Evaluating ownership of a sound recording under both the Indian Copyright Act and U.S. Copyright Act, the U.S. Court of Appeals for the Eleventh Circuit upheld a district court’s grant of summary judgment to defendants in a copyright infringement action, finding that the plaintiff lacked standing to sue because the underlying agreement granted exclusive rights that were limited in time. Saregama v. Timbaland, et al. Case No. 10-10626 (11th Cir., March 25, 2011) (Marcus, J.)
Saregama asserted that hip hop producer Timbaland and other defendants infringed its sound recording copyright by digitally sampling a portion of the Indian song “Baghor Mein Bahar Hai” in the song “Put You on the Game.” Saregama claimed ownership of the copyright in the sound recording through an agreement between Saregama’s predecessor and another company, which was governed by Indian law. The agreement provided the plaintiff with exclusive rights in certain sound recordings for a two-year period. The district court granted the defendants’ motion for summary judgment, holding that Saregama did not possess a valid copyright, as the agreement limited the plaintiffs’ exclusive rights to the sound recording to a two-year period. Second, the district court determined that the defendants’ digital sample was not substantially similar to the plaintiff’s asserted work.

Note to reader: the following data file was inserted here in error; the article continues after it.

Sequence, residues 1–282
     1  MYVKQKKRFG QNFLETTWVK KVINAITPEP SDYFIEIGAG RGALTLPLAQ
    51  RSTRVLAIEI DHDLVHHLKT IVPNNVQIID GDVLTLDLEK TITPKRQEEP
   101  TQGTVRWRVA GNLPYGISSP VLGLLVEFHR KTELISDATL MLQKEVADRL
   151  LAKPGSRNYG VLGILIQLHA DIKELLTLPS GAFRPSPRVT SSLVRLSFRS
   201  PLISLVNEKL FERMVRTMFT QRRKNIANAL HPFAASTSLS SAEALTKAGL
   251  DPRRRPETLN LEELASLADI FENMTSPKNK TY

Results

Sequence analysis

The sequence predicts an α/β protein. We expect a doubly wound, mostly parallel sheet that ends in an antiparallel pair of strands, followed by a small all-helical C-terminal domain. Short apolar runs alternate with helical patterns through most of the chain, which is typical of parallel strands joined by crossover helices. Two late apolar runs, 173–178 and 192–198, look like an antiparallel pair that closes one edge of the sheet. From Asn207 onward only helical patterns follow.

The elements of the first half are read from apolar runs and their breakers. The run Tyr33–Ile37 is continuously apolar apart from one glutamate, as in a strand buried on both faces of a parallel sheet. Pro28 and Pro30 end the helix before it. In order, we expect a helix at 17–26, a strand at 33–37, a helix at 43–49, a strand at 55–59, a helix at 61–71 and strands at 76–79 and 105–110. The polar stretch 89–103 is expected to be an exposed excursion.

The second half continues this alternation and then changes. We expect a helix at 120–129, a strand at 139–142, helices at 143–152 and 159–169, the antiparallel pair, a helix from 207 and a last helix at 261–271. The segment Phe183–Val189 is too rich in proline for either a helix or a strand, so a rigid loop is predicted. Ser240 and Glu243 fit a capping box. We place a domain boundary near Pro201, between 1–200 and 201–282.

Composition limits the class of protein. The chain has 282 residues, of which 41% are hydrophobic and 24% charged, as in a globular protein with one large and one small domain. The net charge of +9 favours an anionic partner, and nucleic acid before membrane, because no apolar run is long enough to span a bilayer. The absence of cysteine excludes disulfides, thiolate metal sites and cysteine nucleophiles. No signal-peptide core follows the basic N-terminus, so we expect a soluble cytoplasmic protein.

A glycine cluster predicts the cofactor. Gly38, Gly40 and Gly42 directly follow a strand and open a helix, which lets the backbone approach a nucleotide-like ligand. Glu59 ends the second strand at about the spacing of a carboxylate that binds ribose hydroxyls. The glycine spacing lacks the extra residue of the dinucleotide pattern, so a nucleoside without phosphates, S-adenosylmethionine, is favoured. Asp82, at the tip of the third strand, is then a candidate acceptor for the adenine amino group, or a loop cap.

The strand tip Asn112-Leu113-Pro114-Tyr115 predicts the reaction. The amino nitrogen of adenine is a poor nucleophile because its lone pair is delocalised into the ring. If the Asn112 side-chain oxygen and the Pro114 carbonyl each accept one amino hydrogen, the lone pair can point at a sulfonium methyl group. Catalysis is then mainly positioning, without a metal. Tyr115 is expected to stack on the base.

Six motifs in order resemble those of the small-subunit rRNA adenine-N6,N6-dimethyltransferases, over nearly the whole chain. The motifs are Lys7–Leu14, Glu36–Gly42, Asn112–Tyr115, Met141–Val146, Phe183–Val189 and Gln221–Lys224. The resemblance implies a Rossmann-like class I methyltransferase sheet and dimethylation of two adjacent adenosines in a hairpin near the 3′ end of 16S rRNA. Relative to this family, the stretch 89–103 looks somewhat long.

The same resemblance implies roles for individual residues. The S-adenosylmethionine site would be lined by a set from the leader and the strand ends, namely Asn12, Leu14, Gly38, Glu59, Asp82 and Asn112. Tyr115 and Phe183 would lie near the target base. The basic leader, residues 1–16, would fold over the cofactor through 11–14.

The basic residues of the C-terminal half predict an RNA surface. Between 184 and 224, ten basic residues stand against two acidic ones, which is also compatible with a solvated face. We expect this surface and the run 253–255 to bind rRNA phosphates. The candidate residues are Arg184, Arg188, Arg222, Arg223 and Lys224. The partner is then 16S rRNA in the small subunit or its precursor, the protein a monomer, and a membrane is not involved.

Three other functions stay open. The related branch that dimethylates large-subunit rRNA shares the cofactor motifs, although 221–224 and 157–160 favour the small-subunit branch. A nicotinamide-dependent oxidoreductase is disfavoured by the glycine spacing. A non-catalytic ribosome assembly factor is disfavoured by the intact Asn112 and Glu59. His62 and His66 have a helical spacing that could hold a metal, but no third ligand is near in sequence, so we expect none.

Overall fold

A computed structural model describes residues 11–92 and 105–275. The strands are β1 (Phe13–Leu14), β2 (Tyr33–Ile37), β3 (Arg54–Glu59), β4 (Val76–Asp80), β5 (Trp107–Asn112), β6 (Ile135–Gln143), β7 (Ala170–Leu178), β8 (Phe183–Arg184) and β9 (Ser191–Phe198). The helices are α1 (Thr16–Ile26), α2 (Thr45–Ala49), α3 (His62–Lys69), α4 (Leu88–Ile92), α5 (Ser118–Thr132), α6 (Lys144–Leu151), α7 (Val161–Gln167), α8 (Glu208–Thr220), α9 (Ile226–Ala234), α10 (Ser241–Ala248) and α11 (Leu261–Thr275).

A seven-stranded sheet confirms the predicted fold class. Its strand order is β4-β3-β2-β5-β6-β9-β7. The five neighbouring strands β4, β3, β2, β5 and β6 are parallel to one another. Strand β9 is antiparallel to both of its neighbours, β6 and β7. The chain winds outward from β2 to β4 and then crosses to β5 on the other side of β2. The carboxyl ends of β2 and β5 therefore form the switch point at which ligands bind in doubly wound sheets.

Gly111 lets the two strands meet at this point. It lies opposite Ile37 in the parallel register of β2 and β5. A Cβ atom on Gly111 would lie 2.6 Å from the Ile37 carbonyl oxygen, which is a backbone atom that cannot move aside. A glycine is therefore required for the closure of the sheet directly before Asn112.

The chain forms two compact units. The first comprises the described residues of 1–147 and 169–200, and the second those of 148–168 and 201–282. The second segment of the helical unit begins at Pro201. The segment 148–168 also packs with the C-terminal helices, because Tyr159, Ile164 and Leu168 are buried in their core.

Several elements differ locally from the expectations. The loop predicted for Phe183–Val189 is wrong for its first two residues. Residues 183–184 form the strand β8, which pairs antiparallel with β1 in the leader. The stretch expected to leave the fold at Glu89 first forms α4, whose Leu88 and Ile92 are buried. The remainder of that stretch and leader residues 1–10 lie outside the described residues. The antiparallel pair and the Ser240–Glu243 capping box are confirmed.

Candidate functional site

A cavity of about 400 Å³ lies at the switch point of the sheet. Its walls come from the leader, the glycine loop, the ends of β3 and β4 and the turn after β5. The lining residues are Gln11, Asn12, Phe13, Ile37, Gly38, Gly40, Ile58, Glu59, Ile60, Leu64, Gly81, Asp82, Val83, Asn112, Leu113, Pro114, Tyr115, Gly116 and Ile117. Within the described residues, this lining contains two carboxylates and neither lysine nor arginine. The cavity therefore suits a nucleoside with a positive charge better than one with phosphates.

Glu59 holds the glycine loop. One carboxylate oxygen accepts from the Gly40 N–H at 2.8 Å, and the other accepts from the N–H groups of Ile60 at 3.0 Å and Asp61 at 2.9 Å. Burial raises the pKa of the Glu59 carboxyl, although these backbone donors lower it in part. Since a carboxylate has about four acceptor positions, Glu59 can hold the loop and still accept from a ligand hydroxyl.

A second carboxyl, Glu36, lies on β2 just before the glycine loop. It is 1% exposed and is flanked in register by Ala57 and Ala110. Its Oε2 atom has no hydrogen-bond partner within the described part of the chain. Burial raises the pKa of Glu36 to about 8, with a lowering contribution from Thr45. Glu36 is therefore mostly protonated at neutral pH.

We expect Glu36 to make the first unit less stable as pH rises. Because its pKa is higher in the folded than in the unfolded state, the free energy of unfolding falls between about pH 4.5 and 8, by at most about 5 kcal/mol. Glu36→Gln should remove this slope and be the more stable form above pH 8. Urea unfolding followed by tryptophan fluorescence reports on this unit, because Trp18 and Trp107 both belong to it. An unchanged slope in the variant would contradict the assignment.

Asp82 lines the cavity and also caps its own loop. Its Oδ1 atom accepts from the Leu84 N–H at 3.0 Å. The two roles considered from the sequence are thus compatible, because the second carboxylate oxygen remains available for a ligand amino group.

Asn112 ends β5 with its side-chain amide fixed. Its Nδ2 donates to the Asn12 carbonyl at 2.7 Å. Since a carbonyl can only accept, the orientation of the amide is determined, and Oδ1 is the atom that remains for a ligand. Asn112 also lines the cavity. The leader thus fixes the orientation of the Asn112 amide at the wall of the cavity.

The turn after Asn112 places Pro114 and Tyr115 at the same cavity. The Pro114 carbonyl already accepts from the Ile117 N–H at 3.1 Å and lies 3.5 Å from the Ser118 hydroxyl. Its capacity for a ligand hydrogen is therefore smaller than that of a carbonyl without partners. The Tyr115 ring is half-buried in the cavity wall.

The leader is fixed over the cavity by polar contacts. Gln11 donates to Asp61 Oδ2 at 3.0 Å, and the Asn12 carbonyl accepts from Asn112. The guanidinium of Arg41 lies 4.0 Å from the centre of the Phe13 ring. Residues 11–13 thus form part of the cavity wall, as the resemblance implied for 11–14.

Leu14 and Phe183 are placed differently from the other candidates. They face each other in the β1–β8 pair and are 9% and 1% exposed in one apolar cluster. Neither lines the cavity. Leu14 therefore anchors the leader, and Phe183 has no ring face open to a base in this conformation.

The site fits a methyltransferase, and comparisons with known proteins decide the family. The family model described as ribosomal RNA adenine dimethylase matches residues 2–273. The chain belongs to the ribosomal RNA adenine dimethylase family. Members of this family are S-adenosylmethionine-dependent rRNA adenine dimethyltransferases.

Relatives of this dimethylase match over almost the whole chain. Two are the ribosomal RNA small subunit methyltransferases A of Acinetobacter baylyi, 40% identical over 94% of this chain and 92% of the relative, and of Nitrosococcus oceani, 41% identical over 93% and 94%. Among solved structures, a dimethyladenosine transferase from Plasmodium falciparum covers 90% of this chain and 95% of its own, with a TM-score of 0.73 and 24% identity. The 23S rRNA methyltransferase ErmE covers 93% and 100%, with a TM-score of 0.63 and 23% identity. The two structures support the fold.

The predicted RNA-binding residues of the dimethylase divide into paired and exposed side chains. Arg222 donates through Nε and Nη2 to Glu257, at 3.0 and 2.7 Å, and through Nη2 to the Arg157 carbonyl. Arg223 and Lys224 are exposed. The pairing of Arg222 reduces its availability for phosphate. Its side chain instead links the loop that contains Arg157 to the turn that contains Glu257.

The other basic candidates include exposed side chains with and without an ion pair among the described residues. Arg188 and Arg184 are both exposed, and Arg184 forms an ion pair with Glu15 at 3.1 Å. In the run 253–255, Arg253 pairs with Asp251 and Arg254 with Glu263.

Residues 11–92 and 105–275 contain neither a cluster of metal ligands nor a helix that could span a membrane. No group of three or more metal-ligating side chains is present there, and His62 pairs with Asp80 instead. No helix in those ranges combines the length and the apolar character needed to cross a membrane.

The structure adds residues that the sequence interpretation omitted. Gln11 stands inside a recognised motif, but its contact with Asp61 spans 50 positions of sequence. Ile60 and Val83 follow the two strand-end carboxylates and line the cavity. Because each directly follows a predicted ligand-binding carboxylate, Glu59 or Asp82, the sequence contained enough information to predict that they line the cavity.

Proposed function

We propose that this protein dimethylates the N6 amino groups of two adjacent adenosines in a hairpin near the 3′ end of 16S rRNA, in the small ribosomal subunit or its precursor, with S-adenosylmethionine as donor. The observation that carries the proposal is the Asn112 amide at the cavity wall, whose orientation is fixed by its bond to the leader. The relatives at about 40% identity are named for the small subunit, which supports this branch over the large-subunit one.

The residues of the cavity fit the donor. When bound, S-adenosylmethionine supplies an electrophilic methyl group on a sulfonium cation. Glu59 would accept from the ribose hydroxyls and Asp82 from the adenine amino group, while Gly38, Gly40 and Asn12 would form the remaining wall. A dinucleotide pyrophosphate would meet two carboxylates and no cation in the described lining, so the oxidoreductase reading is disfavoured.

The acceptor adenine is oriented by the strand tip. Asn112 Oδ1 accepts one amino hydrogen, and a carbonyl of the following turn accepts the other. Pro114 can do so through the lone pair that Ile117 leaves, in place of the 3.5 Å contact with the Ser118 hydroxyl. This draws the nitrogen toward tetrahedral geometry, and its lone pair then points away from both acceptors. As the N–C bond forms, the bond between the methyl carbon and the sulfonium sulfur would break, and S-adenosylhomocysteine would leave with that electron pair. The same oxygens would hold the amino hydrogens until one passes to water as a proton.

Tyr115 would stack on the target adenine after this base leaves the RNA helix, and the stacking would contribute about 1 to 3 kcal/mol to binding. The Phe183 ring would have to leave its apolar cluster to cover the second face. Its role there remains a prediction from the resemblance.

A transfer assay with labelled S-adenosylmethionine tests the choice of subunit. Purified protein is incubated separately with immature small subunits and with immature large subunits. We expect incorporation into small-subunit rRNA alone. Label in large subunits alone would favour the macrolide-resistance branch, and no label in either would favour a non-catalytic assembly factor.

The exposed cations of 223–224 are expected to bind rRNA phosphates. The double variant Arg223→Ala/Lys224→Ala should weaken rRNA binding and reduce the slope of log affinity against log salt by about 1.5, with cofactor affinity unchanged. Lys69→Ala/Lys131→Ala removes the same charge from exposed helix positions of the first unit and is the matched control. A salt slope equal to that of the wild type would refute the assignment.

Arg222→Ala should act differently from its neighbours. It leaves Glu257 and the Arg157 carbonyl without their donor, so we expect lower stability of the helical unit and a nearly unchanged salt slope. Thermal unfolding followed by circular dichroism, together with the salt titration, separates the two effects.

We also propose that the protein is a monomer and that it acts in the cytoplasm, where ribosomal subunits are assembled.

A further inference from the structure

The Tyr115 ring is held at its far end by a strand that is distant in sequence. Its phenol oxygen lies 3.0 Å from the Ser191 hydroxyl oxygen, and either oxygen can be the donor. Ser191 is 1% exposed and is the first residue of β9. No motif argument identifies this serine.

On appeal, the 11th Circuit affirmed the grant of summary judgment to defendants. The 11th Circuit held that Saregama possessed only a two-year right to the sound recording, which had since lapsed, such that the plaintiff did not own a copyright as to possess the standing required to institute an infringement lawsuit.
Because the underlying work originated in India, the court first looked to the Indian Copyright Act to analyze the ownership issue. Comparing the Indian Copyright Act with the U.S. Copyright Act, the court ultimately concluded that the result would be the same under either law. While the agreement conveyed Saregama an exclusive right to certain sound recordings, that right was limited to two years. After those two years, the other company had the unambiguous right to allow third parties to record the song, although the plaintiff retained non-exclusive rights to the song. Because the exclusive right granted to Saregama in the agreement became non-exclusive, the court explained that the plaintiff, at most, possessed a two-year exclusive license. As such, Saregama did not possess the requisite exclusive rights to confer standing.